Beaches Go Green Inspiration Pathway at the 2021 Deck the Chairs. Our 4th year of single-use plastic awareness art built to increase environmental awareness in our community.

Tell us about your octopus garden at Deck The Chairs.

Our BEACHES GO GREEN octopus garden at Deck The Chairs allowed us to share environmental education with hundreds of thousands of individuals who enjoyed our free holiday single-use plastic awareness art display. We invested thousands of volunteer hours and over $100,000 in this community gift.  We received local, regional and even national attention for this grand holiday display. Our educational signage brought awareness to families all over the First Coast and beyond who visited Deck The Chairs.  

Anne Marie & Kirk Moquin pose near an arm of the octopus of the Beaches Go Green Octopus Garden – a single-use plastic awareness art installation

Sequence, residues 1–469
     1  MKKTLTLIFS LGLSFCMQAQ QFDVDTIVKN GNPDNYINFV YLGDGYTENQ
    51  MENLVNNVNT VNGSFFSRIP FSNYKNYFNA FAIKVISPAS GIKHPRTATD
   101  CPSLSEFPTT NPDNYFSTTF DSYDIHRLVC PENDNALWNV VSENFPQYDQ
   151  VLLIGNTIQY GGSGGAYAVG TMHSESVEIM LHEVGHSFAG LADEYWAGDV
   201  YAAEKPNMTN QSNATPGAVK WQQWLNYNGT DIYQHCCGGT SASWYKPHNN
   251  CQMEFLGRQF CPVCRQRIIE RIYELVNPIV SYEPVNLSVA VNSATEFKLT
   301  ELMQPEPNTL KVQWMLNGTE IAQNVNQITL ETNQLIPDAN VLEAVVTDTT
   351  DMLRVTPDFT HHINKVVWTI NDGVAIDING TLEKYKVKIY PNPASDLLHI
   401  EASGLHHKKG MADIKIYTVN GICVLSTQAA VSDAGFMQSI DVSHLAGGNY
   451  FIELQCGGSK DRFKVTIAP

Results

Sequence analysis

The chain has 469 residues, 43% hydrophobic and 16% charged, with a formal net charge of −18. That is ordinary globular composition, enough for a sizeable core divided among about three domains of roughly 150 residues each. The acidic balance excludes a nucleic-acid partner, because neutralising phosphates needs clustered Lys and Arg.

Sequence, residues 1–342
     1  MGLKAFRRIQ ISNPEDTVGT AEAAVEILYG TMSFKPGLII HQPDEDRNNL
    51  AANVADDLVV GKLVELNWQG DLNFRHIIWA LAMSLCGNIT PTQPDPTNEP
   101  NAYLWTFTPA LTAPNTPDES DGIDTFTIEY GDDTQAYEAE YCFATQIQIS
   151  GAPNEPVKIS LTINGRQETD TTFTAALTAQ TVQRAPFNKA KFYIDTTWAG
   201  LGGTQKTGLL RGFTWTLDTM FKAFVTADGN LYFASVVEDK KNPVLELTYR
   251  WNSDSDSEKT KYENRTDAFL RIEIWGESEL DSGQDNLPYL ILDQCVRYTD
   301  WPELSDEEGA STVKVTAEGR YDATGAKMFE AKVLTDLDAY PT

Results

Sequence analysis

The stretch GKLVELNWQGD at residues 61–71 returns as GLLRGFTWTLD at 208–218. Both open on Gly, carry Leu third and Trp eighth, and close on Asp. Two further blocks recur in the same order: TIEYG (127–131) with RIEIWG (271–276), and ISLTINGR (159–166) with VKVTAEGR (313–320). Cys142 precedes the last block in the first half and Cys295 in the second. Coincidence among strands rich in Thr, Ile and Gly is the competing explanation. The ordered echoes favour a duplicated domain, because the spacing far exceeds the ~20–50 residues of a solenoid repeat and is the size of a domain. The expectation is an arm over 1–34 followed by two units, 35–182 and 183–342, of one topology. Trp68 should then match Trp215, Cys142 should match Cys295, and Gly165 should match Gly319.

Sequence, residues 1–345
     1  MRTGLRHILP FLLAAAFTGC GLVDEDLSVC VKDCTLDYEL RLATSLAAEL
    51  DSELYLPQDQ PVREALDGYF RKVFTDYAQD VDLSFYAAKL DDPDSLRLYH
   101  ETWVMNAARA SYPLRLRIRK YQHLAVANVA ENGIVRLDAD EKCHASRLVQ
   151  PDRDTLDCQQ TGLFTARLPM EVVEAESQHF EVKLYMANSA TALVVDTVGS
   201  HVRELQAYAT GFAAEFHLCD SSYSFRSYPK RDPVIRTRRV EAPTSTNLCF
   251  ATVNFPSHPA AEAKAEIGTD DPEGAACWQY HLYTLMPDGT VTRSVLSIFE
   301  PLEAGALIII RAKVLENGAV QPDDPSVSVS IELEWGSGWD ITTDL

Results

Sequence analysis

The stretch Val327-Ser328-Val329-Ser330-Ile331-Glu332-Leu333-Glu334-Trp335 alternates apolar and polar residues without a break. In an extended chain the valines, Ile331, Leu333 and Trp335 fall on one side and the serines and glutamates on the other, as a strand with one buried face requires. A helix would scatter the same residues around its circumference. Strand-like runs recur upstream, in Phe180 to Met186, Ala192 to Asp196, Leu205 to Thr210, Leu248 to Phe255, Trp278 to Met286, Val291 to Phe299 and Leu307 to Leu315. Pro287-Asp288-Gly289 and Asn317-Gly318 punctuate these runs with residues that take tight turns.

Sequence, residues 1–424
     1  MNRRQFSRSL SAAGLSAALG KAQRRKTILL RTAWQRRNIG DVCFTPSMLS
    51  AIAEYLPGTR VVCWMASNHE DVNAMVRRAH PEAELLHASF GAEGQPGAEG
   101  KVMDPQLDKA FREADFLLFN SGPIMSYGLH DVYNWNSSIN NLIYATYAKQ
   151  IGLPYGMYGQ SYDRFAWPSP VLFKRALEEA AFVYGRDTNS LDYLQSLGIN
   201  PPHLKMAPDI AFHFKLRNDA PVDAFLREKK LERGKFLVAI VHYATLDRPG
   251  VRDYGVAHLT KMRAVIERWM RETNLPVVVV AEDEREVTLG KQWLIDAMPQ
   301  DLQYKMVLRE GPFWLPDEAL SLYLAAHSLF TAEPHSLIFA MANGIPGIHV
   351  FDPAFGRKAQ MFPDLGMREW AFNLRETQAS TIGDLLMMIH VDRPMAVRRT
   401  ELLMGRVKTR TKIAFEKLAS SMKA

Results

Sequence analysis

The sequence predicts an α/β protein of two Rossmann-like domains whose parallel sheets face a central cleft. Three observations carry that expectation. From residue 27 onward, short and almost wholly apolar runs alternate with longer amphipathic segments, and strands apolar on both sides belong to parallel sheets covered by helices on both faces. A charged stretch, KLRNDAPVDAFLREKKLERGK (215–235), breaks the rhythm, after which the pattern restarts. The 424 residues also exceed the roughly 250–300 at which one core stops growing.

What sort of support and change would you like to see in the community?  

We would love to see more local businesses making eco-friendly changes at the beach and beyond. We are happy to help with solutions and to educate their employees if we have the opportunity. If people want to get involved, they can show up at our events, donate on our website to support our student education clubs, and sponsor reusable bottles for local teams through our reusable bottles for the sports program.  The biggest thing that we would like to see in our community is people putting their beliefs into action. We know that people here love the First Coast and the beaches and we need to show it by making better choices to protect our very special environment.  

Nease Panthers & Beaches Go Green 2021-22 club officers & scholarship recipients Ranya Benchaaboune, Katherine Waltemate, Lilliana Leitao & Lilly Davis. Also in the photo are Principal, Lisa Kunze and teacher sponsors, Jennifer Fagan & Kevin Lay. Nease Beaches Go Green officers received four of the six scholarships awarded this year.